The markets continue to climb, lifted by positive economic data, such as manufacturing, homebuilding and increased employment. As vaccines become more widespread and the public begins to venture out, businesses will continue to reopen, and their capacity will expand. All signs point toward a strong GDP in 2021 as fiscal and monetary stimuli pump an unprecedented amount of liquidity into the economy.
The improving business confidence may translate into strong capital goods shipments as well, and hiring is picking up, as seen by the March job numbers. Restaurants will continue to add capacity, as will the airline and hospitality industries. Positive momentum for the global economy widens the range of outcomes for how strong our GDP may be in 2021.
Earnings, interest rates and inflation are three ingredients that will help determine the trajectory of stock prices over the next several years. Earnings expectations continue to remain a bright spot for the stock market. The expectations for 2021 earnings on the S&P 500 are 26% higher than in 2020; these estimates continue to rise, and projections may move even higher. The Fed has made it clear that interest rates will remain low through 2022, even though the 10-year and 30-year Treasury rates may continue to move higher. Stocks have been relatively unfazed with the rise in the 10-year Treasury bond.
The first quarter in the stock market did see sector rotation taking place, as seen in the chart below. Large-cap growth stocks finished the quarter basically flat, while value stocks outperformed. The sectors that have been leading the last few years, such as information technology and consumer discretionary, lagged in the first quarter, while energy and financials were strong performers. One could argue that these sectors were due for a break after the tremendous run the last two years, but rising rates also were a factor.
It is natural to be apprehensive about the market, given the current levels. Skepticism and caution can lead to focusing on near-term issues, instead of concentrating on the endgame. Economic expansions since World War II have lasted 26 quarters on average, with the shortest expansion being 11 quarters and the longest 48 quarters. The current cycle is only five quarters old. During expansions, markets may take a breather and have a correction, but keeping an eye on the long term remains the best approach.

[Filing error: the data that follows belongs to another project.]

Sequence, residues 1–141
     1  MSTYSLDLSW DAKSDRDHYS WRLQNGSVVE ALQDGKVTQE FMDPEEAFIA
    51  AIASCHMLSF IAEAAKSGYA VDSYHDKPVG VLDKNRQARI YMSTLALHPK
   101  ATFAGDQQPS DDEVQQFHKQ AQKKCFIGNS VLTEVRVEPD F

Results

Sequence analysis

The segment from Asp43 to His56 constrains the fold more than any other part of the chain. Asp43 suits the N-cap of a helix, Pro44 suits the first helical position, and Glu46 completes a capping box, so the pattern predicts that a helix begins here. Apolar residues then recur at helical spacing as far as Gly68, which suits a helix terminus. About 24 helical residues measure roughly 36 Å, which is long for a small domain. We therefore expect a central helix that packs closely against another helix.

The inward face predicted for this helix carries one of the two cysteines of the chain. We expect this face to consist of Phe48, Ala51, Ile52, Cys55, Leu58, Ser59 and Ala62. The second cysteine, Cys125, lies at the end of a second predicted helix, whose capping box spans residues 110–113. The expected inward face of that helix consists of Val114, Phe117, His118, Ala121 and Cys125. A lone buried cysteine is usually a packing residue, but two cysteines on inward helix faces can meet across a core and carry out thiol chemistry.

So, what can we learn from all this? Markets go up and down over time. The key is to stay invested and stick with the financial plan. Market downturns present opportunities to purchase stocks that were previously viewed as overvalued. In a down market, you are “buying low,” one of the fundamental tenets of investing.
Given the difficulty of timing the market, the most realistic strategy for a majority of investors is to invest and stay invested over time. Procrastination, or not investing, is worse than bad timing. We continue to view more risk being out of the market than in the market. Riding out future market volatility, in addition to having a diversified portfolio, means staying the course. From an investment perspective, we use trends to help with the strategic and tactical asset allocation and where we see the portfolio heading over the next 5-7 years with short-term adjustments along the way.
It all starts with a solid financial plan for the long run that understands the level of risk that is acceptable for each client. With regards to investments, we believe in diversification and having different asset classes that allow you to stay invested. The best option is to stick with a broadly diversified portfolio that can help you to achieve your own specific financial goals — regardless of market volatility. Long-term fundamentals are what matter.
Sources: Factset, Smith Asset Management
This material contains an assessment of the market and economic environment at a specific point in time and is not intended to be a forecast of future events, or a guarantee of future results. Forward-looking statements are subject to certain risks and uncertainties. Actual results, performance, or achievements may differ materially from those expressed or implied. Information is based on data gathered from what we believe are reliable sources.
Using diversification as part of your investment strategy neither assures nor guarantees better performance and cannot protect against loss of principal due to changing market conditions.
Past performance is not a guarantee of future results.
The opinions expressed in this commentary are those of the author and may not necessarily reflect those held by Kestra Investment Services, LLC or Kestra Advisory Services, LLC. This is for general information only and is not intended to provide specific investment advice or recommendations for any individual. It is suggested that you consult your financial professional, attorney, or tax advisor with regard to your individual situation.
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